Will Robertson writes:
> Here I think it would be more "sensical" to write (respectively)
> Type: textual-note
> Template: plain-footnote
> Instance: <arbitrarydesignname> with parameters for numbering per page, etc.
> Type: division
> Template: plain-chapter
> Instance: <arbitrary-design-name> with parameters for fonts used, layout, etc.
> Note that different templates could be constructed such as
> "chapter-like-section", "fancy-chapter", and so on which would all be
> of type "division" (and hence take the same arguments) but use
> different parameters.
> The only reason that we "need" instances is to improve efficiency, and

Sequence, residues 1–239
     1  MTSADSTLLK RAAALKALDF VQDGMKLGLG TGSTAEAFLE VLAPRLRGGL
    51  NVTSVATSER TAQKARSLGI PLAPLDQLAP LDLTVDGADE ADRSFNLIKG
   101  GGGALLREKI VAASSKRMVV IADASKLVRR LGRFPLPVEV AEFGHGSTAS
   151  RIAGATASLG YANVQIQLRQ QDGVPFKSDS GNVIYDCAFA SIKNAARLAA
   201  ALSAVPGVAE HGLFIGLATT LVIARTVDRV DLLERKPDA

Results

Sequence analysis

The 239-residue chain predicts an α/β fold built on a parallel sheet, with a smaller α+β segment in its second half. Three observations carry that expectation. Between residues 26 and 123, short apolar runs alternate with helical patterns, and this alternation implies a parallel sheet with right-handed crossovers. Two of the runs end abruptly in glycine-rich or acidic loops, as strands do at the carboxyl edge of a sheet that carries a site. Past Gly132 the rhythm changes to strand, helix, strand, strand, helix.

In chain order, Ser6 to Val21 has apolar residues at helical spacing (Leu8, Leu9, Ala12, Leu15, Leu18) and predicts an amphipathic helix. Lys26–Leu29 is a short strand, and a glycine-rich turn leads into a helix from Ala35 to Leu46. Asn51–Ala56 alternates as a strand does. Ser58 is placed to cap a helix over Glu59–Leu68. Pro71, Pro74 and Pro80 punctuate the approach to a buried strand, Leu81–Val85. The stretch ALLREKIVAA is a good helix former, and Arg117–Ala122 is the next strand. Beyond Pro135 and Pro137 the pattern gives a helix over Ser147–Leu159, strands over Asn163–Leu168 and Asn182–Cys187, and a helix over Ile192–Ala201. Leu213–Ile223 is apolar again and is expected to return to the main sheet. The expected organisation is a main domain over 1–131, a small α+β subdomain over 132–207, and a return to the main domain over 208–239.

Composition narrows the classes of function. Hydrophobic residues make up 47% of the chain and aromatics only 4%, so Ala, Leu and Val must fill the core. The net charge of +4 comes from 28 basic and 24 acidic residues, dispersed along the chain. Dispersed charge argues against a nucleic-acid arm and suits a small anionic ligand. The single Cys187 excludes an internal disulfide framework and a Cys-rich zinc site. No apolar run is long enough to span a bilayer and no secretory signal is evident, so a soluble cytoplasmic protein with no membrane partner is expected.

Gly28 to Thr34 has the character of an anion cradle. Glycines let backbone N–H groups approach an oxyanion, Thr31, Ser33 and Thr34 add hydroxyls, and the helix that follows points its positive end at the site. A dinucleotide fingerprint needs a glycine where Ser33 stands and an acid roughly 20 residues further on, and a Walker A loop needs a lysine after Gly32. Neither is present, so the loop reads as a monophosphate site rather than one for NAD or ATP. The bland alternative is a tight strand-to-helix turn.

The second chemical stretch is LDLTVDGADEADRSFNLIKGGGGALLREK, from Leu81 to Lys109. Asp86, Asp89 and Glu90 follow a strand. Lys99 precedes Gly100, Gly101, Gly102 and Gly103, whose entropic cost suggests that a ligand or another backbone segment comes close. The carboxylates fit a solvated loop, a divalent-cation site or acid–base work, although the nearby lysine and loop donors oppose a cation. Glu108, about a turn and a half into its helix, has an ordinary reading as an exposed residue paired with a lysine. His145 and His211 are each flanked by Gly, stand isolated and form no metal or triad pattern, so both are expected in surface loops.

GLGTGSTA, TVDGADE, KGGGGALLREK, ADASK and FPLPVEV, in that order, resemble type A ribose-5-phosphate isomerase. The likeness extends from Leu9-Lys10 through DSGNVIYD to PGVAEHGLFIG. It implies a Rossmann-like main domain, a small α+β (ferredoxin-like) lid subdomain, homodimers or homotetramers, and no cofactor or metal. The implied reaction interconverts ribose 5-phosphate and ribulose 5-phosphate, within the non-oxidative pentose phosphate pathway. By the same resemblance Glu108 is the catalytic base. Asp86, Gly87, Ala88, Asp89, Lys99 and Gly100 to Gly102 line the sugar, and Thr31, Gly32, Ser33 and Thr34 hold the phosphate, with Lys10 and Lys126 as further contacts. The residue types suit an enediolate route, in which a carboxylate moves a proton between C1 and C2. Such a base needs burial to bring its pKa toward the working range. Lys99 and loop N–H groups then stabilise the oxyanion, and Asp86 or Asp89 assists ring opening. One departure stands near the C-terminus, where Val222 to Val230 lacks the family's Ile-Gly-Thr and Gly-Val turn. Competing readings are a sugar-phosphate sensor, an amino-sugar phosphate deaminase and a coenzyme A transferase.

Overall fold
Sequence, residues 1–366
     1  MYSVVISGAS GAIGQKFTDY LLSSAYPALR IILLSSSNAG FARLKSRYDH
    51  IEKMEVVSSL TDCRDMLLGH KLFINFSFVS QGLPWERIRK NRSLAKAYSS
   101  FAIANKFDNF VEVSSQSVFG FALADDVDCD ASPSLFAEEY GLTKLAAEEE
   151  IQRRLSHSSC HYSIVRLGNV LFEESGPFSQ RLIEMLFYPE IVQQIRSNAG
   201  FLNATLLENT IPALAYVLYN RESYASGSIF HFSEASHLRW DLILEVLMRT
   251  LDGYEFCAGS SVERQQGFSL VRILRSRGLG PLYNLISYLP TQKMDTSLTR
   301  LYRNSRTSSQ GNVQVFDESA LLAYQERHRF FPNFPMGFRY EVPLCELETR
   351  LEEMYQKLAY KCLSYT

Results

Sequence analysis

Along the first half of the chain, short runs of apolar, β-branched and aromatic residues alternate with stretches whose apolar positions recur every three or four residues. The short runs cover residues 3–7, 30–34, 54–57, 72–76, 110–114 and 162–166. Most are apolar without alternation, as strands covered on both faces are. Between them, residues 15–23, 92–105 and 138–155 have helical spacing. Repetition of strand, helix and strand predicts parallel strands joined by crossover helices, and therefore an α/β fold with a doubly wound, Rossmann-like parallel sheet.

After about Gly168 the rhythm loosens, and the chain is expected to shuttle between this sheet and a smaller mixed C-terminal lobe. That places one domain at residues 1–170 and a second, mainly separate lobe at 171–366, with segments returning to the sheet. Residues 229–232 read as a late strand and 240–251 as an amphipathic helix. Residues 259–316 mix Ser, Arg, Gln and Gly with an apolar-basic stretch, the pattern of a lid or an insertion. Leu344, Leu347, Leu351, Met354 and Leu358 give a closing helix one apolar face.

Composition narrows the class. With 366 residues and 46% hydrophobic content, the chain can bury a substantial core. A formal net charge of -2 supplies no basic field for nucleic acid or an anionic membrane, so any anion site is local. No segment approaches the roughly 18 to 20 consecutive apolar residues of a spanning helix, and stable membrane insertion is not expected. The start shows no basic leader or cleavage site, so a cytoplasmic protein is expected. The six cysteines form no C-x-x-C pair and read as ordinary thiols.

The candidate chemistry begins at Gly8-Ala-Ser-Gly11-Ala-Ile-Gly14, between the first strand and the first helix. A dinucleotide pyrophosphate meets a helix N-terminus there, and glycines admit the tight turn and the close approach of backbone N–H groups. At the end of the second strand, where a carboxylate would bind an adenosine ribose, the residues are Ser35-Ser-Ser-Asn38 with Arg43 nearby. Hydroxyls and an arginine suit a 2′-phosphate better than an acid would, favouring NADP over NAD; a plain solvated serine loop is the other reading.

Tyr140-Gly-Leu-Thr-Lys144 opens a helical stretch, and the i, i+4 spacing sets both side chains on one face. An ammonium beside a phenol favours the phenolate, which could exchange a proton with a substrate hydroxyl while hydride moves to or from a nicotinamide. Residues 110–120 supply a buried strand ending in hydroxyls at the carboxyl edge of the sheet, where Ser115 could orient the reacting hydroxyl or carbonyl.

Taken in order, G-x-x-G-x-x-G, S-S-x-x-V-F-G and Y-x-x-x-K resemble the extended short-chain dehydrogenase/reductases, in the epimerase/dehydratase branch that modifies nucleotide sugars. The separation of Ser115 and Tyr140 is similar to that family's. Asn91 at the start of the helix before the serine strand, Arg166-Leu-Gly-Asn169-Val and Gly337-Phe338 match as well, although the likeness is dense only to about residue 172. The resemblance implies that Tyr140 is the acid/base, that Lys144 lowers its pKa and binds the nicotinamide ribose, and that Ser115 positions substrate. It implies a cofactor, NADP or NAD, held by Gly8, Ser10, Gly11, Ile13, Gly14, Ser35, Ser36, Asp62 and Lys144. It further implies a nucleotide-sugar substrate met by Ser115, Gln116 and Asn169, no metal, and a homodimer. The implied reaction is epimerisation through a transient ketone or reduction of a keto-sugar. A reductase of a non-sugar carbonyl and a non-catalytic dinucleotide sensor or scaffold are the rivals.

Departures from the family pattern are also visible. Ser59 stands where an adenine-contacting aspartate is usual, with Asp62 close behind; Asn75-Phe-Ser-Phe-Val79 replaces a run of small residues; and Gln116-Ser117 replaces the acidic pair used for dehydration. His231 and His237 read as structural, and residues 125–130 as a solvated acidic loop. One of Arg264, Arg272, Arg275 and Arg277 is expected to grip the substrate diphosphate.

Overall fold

> the only reason that we need instance names is because we need to be
> able to refer to them somehow.
not just because of efficiency
We "need" template types at this level to be able to rid ourselves from
explicit templates (with limited layout possibilities) on the document class
definition and we need instances with names (!) there to be able to refer to
the semantic meaning to produce an explicit design by selecting an appropriate
template (ie with the right type) and instantiating it under that name
> The instance names themselves don't
> carry as much structural meaning as the template name (some instance
> names might just be "standard" or "mydoc" or "default").
true, essentially they are only labels to "name" the instance, the same is
true for templates really. However, that shouldn't prevent us from using
sensible names to convay meaning as far as possible.